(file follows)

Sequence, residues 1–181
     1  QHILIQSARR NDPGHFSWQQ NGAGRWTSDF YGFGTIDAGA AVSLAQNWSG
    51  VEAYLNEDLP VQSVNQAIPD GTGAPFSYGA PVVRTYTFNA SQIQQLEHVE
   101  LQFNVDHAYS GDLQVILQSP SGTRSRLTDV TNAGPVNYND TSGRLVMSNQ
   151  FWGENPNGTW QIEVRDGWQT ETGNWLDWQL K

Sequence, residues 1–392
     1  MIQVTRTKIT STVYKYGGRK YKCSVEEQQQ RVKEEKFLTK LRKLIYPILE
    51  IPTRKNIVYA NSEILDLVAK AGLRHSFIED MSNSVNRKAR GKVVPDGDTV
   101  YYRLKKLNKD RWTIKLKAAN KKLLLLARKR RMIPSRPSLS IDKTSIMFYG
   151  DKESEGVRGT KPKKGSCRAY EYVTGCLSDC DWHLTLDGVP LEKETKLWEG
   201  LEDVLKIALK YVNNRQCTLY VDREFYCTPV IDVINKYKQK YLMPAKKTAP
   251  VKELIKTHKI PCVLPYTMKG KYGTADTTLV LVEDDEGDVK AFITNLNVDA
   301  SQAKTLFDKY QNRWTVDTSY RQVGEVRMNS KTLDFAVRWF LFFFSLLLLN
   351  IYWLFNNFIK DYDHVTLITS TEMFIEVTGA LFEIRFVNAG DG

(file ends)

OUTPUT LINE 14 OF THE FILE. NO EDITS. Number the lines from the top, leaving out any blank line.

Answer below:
   351  IYWLFNNFIK DYDHVTLITS TEMFIEVTGA LFEIRFVNAG DG